For some reason, and nobody knows exactly why, the healing process for open wounds can be sped up by applying suction to them under a tightly-sealed bandage. The negative pressure this creates has been benefiting patients for decades but because mechanical pumps are expensive and they need a constant electricity supply the technology is not readily available, often where it is needed most – in the developing world. Students at a Massachusetts Institute of Technology (MIT) engineering class have been able to develop a basic negative pressure pump that doesn’t require electricity, is cheap to manufacture, lightweight to transport and can be left in place for days.

Doctors speculate that negative pressure helps draw bacteria and fluid away from a wound, keeping it cleaner and hence, encouraging faster healing. Negative pressure dressings can also be left in place much longer than traditional dressings which need to be removed and replaced - sometimes painfully – often multiple times per day. But with the negative pressure system dressings can be left in place for a few days.

Under the guidance of Dr Robert Sheridan from Massachusetts General Hospital, the MIT students developed their simple solution as part of a design project in a mechanical design class taught by Prof Alexander Slocum.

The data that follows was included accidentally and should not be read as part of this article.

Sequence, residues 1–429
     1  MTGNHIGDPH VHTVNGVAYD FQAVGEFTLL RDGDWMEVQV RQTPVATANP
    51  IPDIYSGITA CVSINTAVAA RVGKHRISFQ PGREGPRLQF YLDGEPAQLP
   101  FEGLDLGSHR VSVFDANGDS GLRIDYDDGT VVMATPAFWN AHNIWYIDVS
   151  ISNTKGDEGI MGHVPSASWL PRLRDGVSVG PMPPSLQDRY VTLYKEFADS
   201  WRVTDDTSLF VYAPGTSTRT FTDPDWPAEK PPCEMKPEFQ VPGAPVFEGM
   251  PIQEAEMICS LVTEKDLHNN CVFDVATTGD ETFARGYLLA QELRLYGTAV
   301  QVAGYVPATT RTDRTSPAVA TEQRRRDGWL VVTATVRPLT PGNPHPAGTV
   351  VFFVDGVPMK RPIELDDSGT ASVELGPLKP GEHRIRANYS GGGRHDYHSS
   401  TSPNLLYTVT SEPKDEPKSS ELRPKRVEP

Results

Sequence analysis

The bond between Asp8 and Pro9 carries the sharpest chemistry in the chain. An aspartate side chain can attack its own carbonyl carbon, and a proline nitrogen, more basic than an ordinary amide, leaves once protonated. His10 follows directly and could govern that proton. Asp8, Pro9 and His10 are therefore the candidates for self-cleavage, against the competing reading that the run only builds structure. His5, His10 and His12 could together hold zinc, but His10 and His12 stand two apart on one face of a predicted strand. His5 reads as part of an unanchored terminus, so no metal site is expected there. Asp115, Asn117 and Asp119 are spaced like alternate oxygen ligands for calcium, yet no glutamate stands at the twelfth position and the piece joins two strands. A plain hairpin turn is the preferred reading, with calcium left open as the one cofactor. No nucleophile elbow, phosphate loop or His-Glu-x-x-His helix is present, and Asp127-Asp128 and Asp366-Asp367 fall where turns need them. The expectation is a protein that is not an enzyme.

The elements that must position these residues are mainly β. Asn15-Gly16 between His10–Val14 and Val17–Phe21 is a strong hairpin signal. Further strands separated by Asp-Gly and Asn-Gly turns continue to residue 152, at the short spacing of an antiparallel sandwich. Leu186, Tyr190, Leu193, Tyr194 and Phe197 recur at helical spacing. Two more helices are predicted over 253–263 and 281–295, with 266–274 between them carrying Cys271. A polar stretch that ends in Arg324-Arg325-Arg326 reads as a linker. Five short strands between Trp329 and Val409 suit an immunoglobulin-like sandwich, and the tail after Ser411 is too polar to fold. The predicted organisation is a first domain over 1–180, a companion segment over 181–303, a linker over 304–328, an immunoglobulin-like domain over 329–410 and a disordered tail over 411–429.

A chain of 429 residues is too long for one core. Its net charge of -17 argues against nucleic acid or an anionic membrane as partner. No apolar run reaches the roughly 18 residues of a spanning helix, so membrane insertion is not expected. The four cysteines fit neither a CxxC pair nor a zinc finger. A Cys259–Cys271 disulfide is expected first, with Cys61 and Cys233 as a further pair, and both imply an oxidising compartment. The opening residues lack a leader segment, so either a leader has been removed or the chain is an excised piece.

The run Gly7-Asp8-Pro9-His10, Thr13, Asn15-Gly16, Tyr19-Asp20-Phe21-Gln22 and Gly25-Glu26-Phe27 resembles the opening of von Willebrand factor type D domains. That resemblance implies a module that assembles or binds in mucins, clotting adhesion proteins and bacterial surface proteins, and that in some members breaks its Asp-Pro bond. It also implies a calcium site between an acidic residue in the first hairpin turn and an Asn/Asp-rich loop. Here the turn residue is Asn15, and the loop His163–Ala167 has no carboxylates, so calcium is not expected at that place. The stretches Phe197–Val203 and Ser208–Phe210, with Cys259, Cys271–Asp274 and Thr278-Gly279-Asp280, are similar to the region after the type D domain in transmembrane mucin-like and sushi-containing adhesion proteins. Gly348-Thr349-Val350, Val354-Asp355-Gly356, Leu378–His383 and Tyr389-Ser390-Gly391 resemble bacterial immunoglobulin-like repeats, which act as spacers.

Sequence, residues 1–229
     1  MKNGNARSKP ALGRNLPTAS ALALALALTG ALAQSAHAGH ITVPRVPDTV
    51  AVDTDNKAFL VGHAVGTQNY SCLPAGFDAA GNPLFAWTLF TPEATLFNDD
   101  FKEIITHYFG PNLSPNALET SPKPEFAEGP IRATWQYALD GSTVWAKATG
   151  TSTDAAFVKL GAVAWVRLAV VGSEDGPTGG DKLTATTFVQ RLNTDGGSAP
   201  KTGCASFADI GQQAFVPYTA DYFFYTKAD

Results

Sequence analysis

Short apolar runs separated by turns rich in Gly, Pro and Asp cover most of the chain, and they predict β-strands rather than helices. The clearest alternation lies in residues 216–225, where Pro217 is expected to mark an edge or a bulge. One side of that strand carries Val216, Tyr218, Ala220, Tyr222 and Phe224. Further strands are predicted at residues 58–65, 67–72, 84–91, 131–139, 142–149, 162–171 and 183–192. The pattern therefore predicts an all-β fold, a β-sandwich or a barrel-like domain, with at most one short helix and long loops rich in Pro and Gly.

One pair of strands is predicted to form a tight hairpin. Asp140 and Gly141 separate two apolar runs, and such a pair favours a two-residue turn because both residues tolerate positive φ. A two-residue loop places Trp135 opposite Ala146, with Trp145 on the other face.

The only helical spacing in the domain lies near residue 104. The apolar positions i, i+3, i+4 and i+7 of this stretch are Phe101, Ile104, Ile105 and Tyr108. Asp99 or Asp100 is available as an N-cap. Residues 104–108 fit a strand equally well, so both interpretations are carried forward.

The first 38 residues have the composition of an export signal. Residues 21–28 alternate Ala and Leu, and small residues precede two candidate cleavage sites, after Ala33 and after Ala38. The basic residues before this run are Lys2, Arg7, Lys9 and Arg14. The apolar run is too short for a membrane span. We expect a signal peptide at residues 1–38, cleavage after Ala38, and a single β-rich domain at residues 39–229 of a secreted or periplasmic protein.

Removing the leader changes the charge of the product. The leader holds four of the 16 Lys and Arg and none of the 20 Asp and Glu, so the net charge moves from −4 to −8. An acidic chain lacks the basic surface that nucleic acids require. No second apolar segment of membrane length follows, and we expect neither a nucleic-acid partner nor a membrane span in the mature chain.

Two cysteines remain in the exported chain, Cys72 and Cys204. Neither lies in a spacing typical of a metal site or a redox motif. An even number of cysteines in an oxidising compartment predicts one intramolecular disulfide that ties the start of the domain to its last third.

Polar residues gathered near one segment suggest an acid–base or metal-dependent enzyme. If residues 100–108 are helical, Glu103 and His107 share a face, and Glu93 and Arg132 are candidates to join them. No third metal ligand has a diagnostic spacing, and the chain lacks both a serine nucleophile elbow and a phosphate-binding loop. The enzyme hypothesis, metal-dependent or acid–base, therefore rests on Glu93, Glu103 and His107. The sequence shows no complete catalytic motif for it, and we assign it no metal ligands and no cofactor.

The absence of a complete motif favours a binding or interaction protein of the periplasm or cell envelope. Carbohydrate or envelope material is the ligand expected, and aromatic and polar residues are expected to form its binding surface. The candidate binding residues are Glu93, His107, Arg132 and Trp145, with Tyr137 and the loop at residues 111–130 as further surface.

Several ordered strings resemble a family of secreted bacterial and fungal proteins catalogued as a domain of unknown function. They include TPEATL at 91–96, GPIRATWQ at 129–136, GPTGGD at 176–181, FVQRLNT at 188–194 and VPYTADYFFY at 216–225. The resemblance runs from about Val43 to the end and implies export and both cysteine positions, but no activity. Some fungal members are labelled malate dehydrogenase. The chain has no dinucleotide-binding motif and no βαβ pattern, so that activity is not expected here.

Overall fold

Student Danielle Zurovcik recently field-tested the pumps – which cost a meager US$3 each as opposed to US$100 per day to rent a traditional pump plus power or batteries – in Haiti, after an invitation by non-profit healthcare organization Partners in Health. She arrived with 50 devices to take part in earthquake relief efforts in Haiti.

The cylindrical device with its accordion-like folds is squeezed to create the suction, and then left in place, connected to the underside of the wound dressing by a thin plastic tube.

"It holds its pressure for as long as there's not an air leak," Zurovcik told MIT News, hence the need for suitable air-tight dressings as well.

Reportedly, the Haitian patients who received the treatment were pleased with the results. However, many more pumps are needed as Dr Robert Riviello of the Division of Trauma, Burn and Surgical Critical Care at Brigham and Women's Hospital in Boston, believes that between 50 million and 60 million people in low-income countries suffer from acute and chronic wounds, many of whom would benefit from negative-pressure wound therapy.

He said the student-created device has world-wide potential.

MIT News reports that a newer, improved model of the pump that can be manufactured locally has been developed and an initial supply is now in production.

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